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HIPAA does not trump open records law regarding public emergency response information

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    News Media Update         MISSISSIPPI         Freedom of Information         Feb. 10, 2005    

HIPAA does not trump open records law regarding public emergency response information

  • A Mississippi municipality must release emergency response records because HIPAA allows disclosure of an individual’s health information when mandated by open records law, the state’s attorney general ruled.

Feb. 10, 2005 — Police and fire departments in Hattiesburg, Miss., will soon resume releasing information about injured victims of crimes, fires and other emergency situations, the city attorney announced in January, almost two months after the state attorney general’s office told him that the city is legally obligated to respond to such records requests.

City Attorney Charles Lawrence had argued that emergency responders were prohibited from releasing information by the Health Insurance Portability and Accountability Act, a federal law prohibiting health care providers from sharing individuals’ health information without their consent.

The city’s fire and police departments first invoked HIPAA in 2004 to withhold emergency response addresses from local journalists. When reporters said that the addresses were public records, Lawrence asked the Mississippi attorney general to clarify the fire and police departments’ position that HIPAA justified the secrecy.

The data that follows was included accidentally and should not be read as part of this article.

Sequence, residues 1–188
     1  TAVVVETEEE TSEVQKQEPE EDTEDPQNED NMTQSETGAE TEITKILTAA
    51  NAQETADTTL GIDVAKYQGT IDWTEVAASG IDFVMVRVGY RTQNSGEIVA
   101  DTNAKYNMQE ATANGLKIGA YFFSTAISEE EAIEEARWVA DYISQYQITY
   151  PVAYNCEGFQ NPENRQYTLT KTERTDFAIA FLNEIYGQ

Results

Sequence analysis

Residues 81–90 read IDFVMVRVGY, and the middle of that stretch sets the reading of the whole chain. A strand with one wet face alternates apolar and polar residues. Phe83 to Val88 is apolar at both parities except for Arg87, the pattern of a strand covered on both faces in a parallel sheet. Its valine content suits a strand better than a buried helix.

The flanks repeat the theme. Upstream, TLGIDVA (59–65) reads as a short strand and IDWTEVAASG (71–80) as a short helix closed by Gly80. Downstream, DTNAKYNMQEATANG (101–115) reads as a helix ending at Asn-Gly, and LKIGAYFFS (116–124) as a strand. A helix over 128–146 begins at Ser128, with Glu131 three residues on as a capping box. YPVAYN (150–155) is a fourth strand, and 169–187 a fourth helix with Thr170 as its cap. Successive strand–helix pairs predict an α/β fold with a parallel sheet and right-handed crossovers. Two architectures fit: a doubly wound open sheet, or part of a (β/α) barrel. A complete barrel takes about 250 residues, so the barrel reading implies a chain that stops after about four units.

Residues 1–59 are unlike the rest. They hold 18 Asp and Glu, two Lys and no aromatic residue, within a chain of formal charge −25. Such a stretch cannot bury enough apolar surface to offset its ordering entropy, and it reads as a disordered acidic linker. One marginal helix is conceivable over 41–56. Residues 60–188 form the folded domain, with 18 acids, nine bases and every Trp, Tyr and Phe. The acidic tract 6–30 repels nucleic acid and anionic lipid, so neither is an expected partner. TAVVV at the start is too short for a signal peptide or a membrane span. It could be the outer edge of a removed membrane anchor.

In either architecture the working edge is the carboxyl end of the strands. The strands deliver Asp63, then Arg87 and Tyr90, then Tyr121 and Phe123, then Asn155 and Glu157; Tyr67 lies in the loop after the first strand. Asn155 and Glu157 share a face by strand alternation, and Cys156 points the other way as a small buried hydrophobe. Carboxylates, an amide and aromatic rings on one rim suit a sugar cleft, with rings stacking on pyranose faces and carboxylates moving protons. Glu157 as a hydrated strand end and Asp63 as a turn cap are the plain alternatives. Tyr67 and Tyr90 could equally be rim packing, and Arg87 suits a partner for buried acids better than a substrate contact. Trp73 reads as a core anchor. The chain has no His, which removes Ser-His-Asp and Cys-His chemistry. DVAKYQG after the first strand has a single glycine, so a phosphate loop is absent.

Assistant Attorney General Heather P. Wagner wrote in a November letter that regardless of whether the police and fire departments were health care providers subject to HIPAA’s secrecy rules, a matter she did not determine, a federal HIPAA regulation provides that requirements of state open records laws such as the Mississippi Public Records Act supercede the rule’s privacy guarantee for individually identifiable health records.

Although Wagner’s letter was unpublished and focused on HIPAA’s applicability to Hattiesburg, media lawyer Leonard Van Slyke is optimistic about the impact the letter could have on other Mississippi communities. “I think other jurisdictions around the state will have a difficult time not looking upon it as precedential,” he said. “If a similar problem crops up other places, we’ll be furnishing them a copy of the letter I’m sure.”

Since HIPAA’s rules guaranteeing privacy of health information went into effect in April 2003, Texas and Kentucky attorney generals have adopted similar positions on the interplay between the federal rules and state open records law.

RL


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